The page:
3 THEORETICAL ANALYSIS

3.1 Bending failure of cylinder edge

The yield, plastic, and ultimate loads for the cylinder edge failure CyE were theoretically analyzed by Kuwamura et al. (2005b). The solutions are as follows:
Py = Ap yp 2a1 3 Dp tan + E tp 1 tan

(1)

Pp = Py + Ap
P = Py + Ap u

yp 2
E

(np 1) 1 + cot 1 tan


2

(2) (3)

yp yp + up
E

(nu 1) 1 + cot
1 tan

where
=4
3 1 2 a12t p 2

) , and D

p=

12 1 2

E tp3

(4)

Other symbols are defined in Figure 8. The yield load is derived from the bending theory of a circular cylinder subjected to axially symmetrical load. The plastic load that assumes a band pressure as shown in Figure 9 is different from the solution by Eason and Shield (1955) which assumes a line load. The strain hardening factors n p and nu are properly defined from the observation of the stress-strain relation of the material of the cold-formed cylinder, so that np=15 and nu=70 (Kuwamura et al. 2005b). The calculated values of strength are shown in the column CyE of Table 3 for several possible values of the friction coefficient . Comparing the calculation with the experimental results of No.1, the calculation is adequate for the friction coefficient ranging from 0.2 to 0.3, which is the normal value often observed at the contact between steel and steel. 251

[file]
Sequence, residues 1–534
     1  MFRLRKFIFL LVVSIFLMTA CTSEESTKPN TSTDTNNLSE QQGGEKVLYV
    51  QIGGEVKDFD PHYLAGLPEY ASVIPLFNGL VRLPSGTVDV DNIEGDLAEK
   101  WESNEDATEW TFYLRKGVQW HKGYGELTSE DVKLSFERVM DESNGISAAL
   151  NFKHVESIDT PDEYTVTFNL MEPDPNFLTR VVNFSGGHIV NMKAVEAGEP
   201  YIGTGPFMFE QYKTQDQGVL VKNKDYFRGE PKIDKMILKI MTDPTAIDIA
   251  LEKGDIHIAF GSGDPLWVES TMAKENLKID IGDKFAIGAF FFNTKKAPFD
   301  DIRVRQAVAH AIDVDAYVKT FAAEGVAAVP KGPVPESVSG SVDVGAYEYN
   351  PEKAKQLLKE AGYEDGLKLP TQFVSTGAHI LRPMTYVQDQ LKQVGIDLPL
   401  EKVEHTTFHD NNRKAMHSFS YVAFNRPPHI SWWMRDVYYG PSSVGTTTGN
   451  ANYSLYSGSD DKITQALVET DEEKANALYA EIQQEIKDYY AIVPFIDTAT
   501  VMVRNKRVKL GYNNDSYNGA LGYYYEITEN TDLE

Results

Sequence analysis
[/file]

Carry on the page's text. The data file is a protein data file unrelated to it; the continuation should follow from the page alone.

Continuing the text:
Pload

Rnormal reaction per unit length

friction coefficient
half angle

R N

R
Q1shear per unit length N 1axil force per unit length EYoung's modulus

Ppplastic strength
hpyield zone a1

N 1

Poisson's ratio ypyield stress of pipe uptensile strength of pipe


tpthickness of pipe w radial displacement a1radius of pipe (mid-thickness)

T p

Qp Qp

Apsectional area of pipe2 a1t p

Figure 8. Symbols for cylinder edge failure

Figure 9. Yield zone for cylinder edge failure